Trektember 2016 – #27: The City on the Edge of Forever

 

Star Trek celebrated its fiftieth anniversary this month. So, here on Redeeming Culture, we’re going to release a short review of every episode of Season One, one episode per day, all month long; for each episode, we’re writing a 3-sentence recap, a 3-word review, and (as much as we can) answering the questions “What fears or hopes are conquered or realized?” and “How does this point to Jesus or to the way God made us?”

For more about Trektember, read our preview post.  Please note that there are minor plot spoilers for this episode below.

Today’s episode is number 27, an award-winning piece of truly great science fiction, and perhaps the franchise’s best work ever: The City on the Edge of Forever.

Three-sentence Recap

In a frenzy after a medical accident while the Enterprise is investigating a time anomaly, Dr. McCoy beams down to a ruined planet and escapes into the past.  Kirk and Spock soon note that every evidence of the Federation’s existence is suddenly gone, including the Enterprise, and follow McCoy into 1930s New York.  There, they must survive and discover how to restore the timeline; in the meantime, Kirk falls in love with a woman whose continued life could mean the future’s end.

Three-word Review

Best ever made.

Big Sci-Fi Concepts

  • Time travel is, of course, explored here; in fact, many would say that this is the most well-realized time travel plot ever written in science fiction.
  • This is the episode I mentioned in “Tomorrow is Yesterday” which also explored the “for want of a nail” storyline: “Forever” does it better.  Much better.  Again, time pivots upon a single person; but this time, the results of a tear in the timeline are briefly examined and the full weight of them explored.

Fears Conquered/Hopes Realized

  • McCoy and Kirk are given the opportunity to experience their history firsthand.
  • Kirk faces the fear not just of losing a loved one, but of being compelled to voluntarily give her up for the good of others.
  • Though she doesn’t live to see it, Keeler’s dreams of a bright, beautiful, peaceful future are realized in the very age Kirk comes from.  In a way, he himself is the realization of her dream.

What does this episode tell us about God or about man?

I think this episode is so popular because of the deep, deep redemptive themes that run throughout the entire piece.

First, to kick off the episode, McCoy is pursued at great cost by the rest of the Enterprise.  His mind and heart suddenly sick, he is powerless to bring himself under control or return to the Enterprise on his own.  Instead, he is hostile and angry toward his dearest friends, lashing out against them and running away.  Thankfully for him, Kirk and Spock follow him nonetheless.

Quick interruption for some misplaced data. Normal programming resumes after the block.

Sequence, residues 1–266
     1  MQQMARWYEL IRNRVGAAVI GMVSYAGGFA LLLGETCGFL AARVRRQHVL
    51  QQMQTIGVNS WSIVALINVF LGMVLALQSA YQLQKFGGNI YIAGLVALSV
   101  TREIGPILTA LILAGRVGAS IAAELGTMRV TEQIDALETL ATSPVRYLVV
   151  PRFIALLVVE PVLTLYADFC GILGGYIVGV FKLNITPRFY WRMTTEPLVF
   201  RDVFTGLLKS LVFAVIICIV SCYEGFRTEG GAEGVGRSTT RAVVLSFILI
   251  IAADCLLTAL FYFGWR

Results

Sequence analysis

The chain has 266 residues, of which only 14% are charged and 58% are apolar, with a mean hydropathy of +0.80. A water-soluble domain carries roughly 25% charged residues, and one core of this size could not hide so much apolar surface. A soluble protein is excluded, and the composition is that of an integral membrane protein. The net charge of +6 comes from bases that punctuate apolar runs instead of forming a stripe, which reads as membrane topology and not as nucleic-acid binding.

The entire landing party is an exercise in extravagance for the sake of another; Kirk risks almost his entire senior staff to save his friend, pulling out all the stops for the sake of the daring rescue.  His retrieval is clearly all that Kirk cares about in this moment.

But once they are on Earth, Kirk must then consider that “millions will die who did not die before” if they are not able to stop McCoy from making the change he will make.  Sadly, in order to save them, he must sacrifice his dearest love.

There are other concepts that reflect God and illuminate our collective love for this episode: Spock’s deep study and hard work toward learning the path forward from a source seemingly inscrutable from the outsider; the fact that the omnipotent “currents and eddies” of time have brought all of these people together; Keeler’s speech of a hope in a world beyond this one with no pain, no suffering, and unbelievable joy and fulfillment.

But I think the weight of this episode is truly contained in the costly sacrifice of love for the redemption of many.

You were alienated and hostile, cast down to live out your days separated from God and a danger to others.  Your mind was warped.  Your hope was gone.  But God, in His infinite mercy, sent His son – a gift of great worth – to save you and redeem you.  And when He came, he could not merely live well for you.  God had to allow him to die, run over by the weight of our sins so that we could be free.

• • •

Thank you for reading Redeeming Culture! Come back tomorrow for more Trektember as we look at the final episode of season 1, episode 28 of Star Trek- “Operation: Annihilate!”. But stick around after that; our season 1 retrospective comes out Friday!

This article was co-written by David Lichty (whose voice you’ll hear on a series of podcasts coming soon) and David Atwell (the editor of Redeeming Culture).

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